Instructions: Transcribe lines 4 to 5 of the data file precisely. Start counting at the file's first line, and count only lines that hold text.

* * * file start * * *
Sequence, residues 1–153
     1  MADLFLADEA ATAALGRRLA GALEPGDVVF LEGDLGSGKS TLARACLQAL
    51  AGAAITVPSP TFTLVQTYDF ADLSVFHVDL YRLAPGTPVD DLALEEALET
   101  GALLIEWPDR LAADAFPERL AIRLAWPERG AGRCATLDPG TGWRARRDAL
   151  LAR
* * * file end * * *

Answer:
   101  GALLIEWPDR LAADAFPERL AIRLAWPERG AGRCATLDPG TGWRARRDAL
   151  LAR